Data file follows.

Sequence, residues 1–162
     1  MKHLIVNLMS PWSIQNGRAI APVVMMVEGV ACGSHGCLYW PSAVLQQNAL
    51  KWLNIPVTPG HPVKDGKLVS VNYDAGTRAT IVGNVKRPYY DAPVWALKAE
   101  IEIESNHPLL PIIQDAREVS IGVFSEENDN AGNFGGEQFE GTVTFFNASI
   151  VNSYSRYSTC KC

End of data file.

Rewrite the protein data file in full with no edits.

Sequence, residues 1–162
     1  MKHLIVNLMS PWSIQNGRAI APVVMMVEGV ACGSHGCLYW PSAVLQQNAL
    51  KWLNIPVTPG HPVKDGKLVS VNYDAGTRAT IVGNVKRPYY DAPVWALKAE
   101  IEIESNHPLL PIIQDAREVS IGVFSEENDN AGNFGGEQFE GTVTFFNASI
   151  VNSYSRYSTC KC